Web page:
The Phaistos Disc, one of antiquity’s significant puzzles!
The Phaistos Disc (also spelled Phaistos Disk, Phaestos Disc) is a disk of fired clay from the Minoan palace of Phaistos on the island of Crete. Scientists place the disk’s creation to the middle or late Minoan Bronze Age (second millennium B.C.). You can zoom in and try as well to make meaning of its strange symbols since they have been puzzling mankind greatly since it’s discovery…
The double-sided clay disc, roughly 10.5 cm in diameter, was discovered by Italian archaeologist Luigi Pernier during an excavation of Phaistos, the site of a Minoan palace in Crete. While the disc is named from its discovery place, the absence of similar artifacts in the region suggests that the site is not it’s actual place of origin.
You can observe that a strange inscription dominates the disk. This was apparently made by pressing pre-formed hieroglyphic “seals” into the soft clay, clockwise and spiraling toward the center of the disk. The clay was then fired at high temperature. The unique character of the Phaistos Disc stems from the fact that the entire text was inscribed in this way. If you are now thinking the words “typography” or “printing press,” you may be on to something! The disc is undoubtedly the earliest sample of reproducing a body of text with reusable characters.
Predictably, skeptics have suggested that the Phaistos Disc is a forgery and a hoax, but most experts have found little reason to doubt its authenticity. You can see the Phaistos Disc on display at the Heraklion Archaeological Museum in Crete.
You can count a total of 242 tokens on the disc, comprising of 45 distinct signs. Many of these 45 signs represent easily identifiable every-day things. In addition to these, there is a small diagonal line that occurs underneath the final sign in a group a total of 18 times. The disc shows traces of corrections made by the scribe in several places.
Arthur Evans numbered the 45 symbols from 01 to 45, and this numbering has become the conventional reference used by most researchers. Some researchers compare these symbols with Linear A characters. Other scholars (J. Best, S. Davis) have pointed to similar resemblances with the Anatolian hieroglyphs, or with Egyptian hieroglyphs (A. Cuny).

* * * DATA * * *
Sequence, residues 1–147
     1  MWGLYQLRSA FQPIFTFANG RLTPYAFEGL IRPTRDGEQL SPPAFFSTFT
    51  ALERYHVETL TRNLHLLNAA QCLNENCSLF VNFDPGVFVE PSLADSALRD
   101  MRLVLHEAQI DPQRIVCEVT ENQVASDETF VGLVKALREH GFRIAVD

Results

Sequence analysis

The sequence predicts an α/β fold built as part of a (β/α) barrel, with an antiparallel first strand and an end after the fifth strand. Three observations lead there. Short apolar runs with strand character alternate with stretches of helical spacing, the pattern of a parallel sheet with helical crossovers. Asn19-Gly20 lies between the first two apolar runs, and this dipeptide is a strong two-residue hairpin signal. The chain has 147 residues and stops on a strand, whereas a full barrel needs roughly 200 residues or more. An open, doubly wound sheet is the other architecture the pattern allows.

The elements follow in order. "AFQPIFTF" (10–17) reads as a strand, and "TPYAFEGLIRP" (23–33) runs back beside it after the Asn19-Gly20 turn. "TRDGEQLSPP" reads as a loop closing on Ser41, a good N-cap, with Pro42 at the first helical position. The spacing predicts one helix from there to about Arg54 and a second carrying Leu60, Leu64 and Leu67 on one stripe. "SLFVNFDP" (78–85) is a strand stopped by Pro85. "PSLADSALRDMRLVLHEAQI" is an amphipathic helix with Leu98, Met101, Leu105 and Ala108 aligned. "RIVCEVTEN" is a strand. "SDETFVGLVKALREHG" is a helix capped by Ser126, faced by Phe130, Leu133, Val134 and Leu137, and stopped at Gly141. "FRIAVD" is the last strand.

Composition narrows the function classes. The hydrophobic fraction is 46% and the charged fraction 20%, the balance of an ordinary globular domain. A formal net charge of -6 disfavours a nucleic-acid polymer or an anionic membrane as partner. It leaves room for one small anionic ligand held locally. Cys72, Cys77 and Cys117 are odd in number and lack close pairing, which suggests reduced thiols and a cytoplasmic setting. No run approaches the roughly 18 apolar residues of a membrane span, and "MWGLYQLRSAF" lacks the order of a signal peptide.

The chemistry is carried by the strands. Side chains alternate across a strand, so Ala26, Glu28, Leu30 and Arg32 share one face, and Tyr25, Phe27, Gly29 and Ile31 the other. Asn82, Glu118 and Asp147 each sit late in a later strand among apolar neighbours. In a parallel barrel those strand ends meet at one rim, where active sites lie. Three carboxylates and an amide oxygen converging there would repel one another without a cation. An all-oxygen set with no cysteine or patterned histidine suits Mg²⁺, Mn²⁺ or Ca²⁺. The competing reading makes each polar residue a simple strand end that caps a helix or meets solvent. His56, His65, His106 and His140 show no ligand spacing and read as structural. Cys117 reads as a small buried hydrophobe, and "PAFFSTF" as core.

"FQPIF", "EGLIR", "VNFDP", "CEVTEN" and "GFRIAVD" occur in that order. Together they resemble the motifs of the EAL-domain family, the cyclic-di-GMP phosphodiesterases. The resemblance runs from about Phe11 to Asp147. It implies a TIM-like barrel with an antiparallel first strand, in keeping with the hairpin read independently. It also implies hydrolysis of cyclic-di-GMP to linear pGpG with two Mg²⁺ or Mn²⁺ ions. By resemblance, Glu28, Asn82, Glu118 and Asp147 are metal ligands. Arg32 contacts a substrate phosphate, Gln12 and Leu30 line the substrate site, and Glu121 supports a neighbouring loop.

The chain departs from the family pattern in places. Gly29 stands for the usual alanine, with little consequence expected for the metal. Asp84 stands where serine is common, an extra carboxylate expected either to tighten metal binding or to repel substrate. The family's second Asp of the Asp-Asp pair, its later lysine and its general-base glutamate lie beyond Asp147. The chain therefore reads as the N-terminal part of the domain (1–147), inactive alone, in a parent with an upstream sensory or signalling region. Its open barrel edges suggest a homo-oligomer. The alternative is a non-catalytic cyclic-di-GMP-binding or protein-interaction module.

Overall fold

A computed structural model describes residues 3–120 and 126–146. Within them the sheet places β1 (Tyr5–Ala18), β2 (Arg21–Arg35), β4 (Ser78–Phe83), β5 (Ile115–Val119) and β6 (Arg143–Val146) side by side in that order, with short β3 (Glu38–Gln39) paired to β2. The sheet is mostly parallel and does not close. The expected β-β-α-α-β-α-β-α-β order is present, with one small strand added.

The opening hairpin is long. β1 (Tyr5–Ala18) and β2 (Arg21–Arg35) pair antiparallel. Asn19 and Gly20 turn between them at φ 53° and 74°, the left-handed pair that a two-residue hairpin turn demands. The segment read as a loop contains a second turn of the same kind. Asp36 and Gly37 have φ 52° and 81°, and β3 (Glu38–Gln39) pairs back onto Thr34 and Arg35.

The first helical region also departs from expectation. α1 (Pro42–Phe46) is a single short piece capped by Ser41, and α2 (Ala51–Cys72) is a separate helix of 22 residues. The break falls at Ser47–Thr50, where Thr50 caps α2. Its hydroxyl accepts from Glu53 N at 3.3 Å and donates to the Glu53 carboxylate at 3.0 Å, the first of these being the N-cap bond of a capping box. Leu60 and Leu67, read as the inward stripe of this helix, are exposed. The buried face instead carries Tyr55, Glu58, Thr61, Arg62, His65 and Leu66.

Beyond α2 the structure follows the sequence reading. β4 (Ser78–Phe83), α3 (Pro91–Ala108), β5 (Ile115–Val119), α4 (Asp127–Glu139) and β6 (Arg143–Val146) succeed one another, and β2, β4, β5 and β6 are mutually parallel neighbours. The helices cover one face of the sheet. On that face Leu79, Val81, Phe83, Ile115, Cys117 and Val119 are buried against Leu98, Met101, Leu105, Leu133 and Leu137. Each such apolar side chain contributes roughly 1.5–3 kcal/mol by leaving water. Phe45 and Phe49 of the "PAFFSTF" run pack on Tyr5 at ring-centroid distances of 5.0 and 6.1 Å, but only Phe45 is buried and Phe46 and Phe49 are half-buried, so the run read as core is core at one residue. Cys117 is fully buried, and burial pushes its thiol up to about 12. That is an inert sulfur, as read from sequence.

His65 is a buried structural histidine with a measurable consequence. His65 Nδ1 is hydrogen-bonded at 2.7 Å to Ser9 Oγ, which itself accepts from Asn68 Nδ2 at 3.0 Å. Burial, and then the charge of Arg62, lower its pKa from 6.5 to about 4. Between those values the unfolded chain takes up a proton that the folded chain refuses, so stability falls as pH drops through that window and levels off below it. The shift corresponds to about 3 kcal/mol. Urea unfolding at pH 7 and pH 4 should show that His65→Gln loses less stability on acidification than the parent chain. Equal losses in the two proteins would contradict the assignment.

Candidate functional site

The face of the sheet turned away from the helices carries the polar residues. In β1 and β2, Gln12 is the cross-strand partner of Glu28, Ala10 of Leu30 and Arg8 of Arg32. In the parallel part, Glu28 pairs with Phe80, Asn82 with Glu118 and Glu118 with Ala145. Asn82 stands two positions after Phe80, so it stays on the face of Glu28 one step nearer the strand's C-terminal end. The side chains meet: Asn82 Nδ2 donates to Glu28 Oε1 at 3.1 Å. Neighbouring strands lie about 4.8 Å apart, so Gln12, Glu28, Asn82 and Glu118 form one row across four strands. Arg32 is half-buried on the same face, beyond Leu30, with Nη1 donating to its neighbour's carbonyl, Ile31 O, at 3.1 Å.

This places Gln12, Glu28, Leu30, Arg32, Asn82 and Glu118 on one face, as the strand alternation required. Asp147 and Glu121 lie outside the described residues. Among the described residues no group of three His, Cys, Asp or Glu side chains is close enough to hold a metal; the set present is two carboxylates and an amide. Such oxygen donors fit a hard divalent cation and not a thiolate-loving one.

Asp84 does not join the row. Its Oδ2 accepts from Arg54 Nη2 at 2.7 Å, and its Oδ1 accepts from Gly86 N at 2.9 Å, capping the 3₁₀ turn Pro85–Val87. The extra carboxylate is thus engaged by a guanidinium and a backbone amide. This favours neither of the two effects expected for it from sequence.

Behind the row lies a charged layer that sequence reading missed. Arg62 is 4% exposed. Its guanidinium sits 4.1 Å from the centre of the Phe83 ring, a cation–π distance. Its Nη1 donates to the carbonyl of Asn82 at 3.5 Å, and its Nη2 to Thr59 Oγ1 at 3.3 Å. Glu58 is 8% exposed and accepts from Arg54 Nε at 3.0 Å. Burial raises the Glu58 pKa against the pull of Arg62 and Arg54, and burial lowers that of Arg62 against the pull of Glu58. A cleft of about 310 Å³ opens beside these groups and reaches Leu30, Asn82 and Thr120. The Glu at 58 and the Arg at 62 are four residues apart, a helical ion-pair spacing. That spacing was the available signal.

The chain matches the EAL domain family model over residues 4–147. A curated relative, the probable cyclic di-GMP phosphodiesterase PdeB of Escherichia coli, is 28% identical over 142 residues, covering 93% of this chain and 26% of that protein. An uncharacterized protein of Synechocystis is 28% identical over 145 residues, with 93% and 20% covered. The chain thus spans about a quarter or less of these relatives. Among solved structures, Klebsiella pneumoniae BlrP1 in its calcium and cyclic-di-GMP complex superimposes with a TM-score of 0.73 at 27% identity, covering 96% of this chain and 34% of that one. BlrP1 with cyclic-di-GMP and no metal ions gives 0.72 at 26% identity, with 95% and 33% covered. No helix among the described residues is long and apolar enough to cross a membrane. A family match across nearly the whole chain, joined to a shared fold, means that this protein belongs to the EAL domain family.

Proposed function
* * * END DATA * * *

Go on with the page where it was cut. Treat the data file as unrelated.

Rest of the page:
The puzzle solved?
Now, you can go on and wonder what these signs could mean. Researchers have been puzzled since it’s discovery, to little avail. All until now…
Dr. Gareth Owens of the Technological Educational Institute (TEI) of Crete believes the disk is dedicated to a mother.
‘The most stable word and value is “mother” and in particular the mother goddess of the Minoan era,’ he said in a public talk at the Institute. He looked at groupings of signs found on three of parts of one side of the disk to come up with this theory. They spell out I-QE-KU-RJA, and he said that I-QE means ‘great lady of importance.’
On the other side of the double-sided disk, he identified the word AKKA, which he says means ‘pregnant mother’. Therefore, he thinks that one side is dedicated to a pregnant woman and the other to a woman giving birth.
Speaking in a TED talk in May, Owens explained how he worked with John Coleman at Oxford University for six years to crack the code.
‘It’s the closest thing to a partial Minoan Rosetta Stone,’ he said, stating that they can now read 90% of ‘Side A’ of the disk.
Their next challenge is to work out exactly what the signs mean, but Dr. Owens is sure it is a ‘genuine Minoan religious inscription.’
Sources: Wikipedia, Amusing Planet, Lonely Planet, Atlas Obscura